Picture a professional couple, Jack and Jill, who are committed to a relationship in which household responsibilities are shared evenly. Now imagine Jack and Jill differ in how they see their home.
When Jill enters the messy kitchen, she sees the dishes as to be washed and the recycling bin as to be taken out. Jack, of course, sees there are dishes in the sink and the recycling bin is full. But these perceptions do not “tug” at him – he does not see the mess as tasks that must be done.
The results of our recent study suggest men and women are trained by society to see different possibilities for action when they look at mess in their home. We believe this insight could help heterosexual couples share chores more evenly too. But it’s important to understand the root causes of the issue.
According to a concept in psychology called “affordance theory”, when we look at objects and situations we see possibilities for actions. When you look at an apple you don’t just see it as red and shiny, you see it as edible.
You see what can be done with the apple. Jack and Jill look at the same things in the kitchen but they see different possibilities for action – different “affordances”. For Jill the dishes invite washing up, while for Jack they do not.
The couple are attuned differently to affordances for domestic tasks. Affordance theory can help explain why women shoulder a disproportionate amount of housework and childcare even when they work full time? This difference in how people perceive the domestic environment has a knock-on effect on how much how many chores Jack and Jill do, no matter their intentions.
If Jill is more sensitive to affordances for domestic tasks, she’s more likely to notice the dishes need washing up and be more motivated to do the task. It is likely Jack won’t even notice the disparity in workload.
If you don’t see the counter as “to be wiped”, you are less likely to notice when it has been wiped. This double-whammy of inequity and invisibility takes a considerable mental toll on women and puts a serious strain on relationships.
So what is to be done?
The first thing to say is that being less sensitive to certain affordances is not an excuse. When Jill complains to Jack that he never does the dishes, Jack saying “I just don’t see them as ‘to be washed’” does not get him off the hook, even if it is true. Jill can respond: “That’s exactly the problem you need to work on.” To pick up his fair share, Jack needs to change his perception.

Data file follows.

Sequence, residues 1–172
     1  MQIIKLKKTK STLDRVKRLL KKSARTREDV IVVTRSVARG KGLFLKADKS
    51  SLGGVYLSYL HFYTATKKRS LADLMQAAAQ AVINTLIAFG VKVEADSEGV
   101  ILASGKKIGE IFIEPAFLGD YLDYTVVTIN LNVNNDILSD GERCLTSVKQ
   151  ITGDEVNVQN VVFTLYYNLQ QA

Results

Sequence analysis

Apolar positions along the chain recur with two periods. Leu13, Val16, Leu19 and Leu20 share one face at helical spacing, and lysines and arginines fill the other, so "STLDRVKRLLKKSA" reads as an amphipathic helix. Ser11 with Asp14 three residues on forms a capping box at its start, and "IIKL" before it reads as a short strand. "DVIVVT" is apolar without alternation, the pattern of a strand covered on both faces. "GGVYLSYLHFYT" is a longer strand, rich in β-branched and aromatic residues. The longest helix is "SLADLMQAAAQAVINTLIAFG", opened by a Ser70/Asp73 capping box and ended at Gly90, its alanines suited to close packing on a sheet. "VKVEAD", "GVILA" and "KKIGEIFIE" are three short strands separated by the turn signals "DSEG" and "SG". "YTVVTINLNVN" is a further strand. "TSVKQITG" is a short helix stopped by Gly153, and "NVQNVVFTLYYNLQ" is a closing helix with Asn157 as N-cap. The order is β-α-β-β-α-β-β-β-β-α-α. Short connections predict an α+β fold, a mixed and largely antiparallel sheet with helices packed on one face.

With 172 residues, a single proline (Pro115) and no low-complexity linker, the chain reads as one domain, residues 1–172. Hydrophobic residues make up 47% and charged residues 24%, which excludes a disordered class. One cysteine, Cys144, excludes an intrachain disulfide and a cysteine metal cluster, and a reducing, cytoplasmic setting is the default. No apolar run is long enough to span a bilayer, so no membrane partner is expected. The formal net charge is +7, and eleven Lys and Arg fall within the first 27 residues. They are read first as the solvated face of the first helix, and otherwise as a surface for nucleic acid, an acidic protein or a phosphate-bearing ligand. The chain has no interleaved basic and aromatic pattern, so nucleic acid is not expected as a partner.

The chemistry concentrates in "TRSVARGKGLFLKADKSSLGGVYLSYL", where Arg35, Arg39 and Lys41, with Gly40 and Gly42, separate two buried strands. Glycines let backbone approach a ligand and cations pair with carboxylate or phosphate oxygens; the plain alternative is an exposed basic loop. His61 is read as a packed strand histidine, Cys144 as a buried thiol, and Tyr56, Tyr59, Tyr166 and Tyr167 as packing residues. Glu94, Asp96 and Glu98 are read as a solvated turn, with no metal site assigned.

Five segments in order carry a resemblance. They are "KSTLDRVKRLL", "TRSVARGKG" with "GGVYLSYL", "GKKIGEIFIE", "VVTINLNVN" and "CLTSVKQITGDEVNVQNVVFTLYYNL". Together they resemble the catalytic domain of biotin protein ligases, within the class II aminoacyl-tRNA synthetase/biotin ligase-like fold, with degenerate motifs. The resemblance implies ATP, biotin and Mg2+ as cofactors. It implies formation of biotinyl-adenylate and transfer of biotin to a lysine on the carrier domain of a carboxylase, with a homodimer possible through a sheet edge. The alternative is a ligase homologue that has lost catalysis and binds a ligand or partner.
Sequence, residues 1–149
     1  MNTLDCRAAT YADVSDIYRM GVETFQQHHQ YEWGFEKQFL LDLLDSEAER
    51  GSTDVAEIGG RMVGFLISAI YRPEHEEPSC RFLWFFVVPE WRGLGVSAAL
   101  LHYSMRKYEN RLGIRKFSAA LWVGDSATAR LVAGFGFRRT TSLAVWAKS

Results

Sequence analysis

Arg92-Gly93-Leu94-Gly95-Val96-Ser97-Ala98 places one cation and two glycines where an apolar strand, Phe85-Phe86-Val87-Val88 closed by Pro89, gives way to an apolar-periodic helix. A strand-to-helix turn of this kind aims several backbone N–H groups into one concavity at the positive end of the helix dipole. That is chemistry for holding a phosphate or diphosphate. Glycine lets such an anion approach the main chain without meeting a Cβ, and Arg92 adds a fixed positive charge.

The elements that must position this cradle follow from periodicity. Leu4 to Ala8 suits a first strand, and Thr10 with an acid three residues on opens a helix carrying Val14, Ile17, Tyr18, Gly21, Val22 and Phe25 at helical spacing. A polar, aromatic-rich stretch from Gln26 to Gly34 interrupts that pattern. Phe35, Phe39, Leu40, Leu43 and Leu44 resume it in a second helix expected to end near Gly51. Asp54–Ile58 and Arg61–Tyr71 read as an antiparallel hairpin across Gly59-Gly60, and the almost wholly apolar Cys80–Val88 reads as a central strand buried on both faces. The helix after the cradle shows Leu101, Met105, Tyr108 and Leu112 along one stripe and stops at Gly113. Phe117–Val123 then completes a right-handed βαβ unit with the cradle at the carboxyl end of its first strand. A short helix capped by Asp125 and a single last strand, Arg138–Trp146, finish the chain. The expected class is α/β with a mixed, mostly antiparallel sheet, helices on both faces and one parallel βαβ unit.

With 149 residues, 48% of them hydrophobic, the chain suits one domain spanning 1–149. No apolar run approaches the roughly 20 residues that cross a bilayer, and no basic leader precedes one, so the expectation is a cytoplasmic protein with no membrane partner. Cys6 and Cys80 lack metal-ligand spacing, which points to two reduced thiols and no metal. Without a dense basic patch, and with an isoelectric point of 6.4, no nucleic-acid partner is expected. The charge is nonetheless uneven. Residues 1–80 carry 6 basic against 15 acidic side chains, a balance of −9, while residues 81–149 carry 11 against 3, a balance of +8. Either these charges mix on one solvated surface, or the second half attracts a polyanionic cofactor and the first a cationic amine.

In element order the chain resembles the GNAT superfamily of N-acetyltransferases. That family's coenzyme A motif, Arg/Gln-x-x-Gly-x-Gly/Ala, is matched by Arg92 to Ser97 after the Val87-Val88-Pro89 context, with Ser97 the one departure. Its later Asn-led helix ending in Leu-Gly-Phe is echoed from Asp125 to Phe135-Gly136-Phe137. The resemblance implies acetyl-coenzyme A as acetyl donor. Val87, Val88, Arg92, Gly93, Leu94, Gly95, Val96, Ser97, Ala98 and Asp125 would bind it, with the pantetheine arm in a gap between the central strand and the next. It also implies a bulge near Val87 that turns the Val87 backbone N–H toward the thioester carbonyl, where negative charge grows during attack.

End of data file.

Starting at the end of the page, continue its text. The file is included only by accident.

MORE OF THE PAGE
The good news is affordance perceptions can be changed through practice and conscious effort. We get better at seeing a task-affordance by doing the task more and by consciously paying attention to cues about whether the task needs to be done.
Jill was not born to be more sensitive to the possibility of taking out the recycling bin than Jack. Those habits are, in part, shaped by social norms.
And when it comes to domestic work, these norms are gendered. From a young age, girls do more household chores than boys. Girls are being encouraged to play with toys like vacuum cleaners and dolls that encourage imitation of childcare activities.
The central strategy involves shifting Jack’s mindset of what “pulling his weight” involves. What he needs to practice is not doing the chore (taking out the recycling is not that hard). He needs to take responsibility for consciously attending to whether there are dishes in the sink, how full the recycling is, whether there is milk in the fridge.
Think about learning how to drive. What the novice-driver needs to learn is not only how to shift gears (straightforward enough) but also to discern when gears need shifting. They can’t rely on “I’ll shift when the instructor tells me to.”
Society needs to change too
Cultivating your sensitivity to domestic affordances requires opportunities to practice. And this relies on the right kind of policies being in place. For example, shared parental leave.
There is ample evidence that after the arrival of children, women shoulder the lions’ share of caring work. At the same time, there is research suggesting fathers who take longer parental leave do more care-taking work well after the end of their parental leave.
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Why is that? Looking after their children gives fathers the chance to hone caring skills: how to change a nappy, how to swaddle, how to comfort a fussy baby. But just as crucially, it allows fathers to learn to see when those caring tasks need doing. It attunes them to caring affordances. This in turn, leads to a more even distribution of caring duties in the long term.
Despite cultural, economic and legal gains by women over the last decades, the disparities in how much domestic work is done by women and men have proven difficult to overcome. Our paper shows that to redress the imbalance, it’s not enough to exhort men to do their equal share. Men need to take responsibility for seeing what needs doing.
Tom McClelland, Lecturer in History and Philosophy of Science, University of Cambridge and Paulina Sliwa, Professor of Philosophy, Universität Wien
This article is republished from The Conversation under a Creative Commons license. Read the original article.
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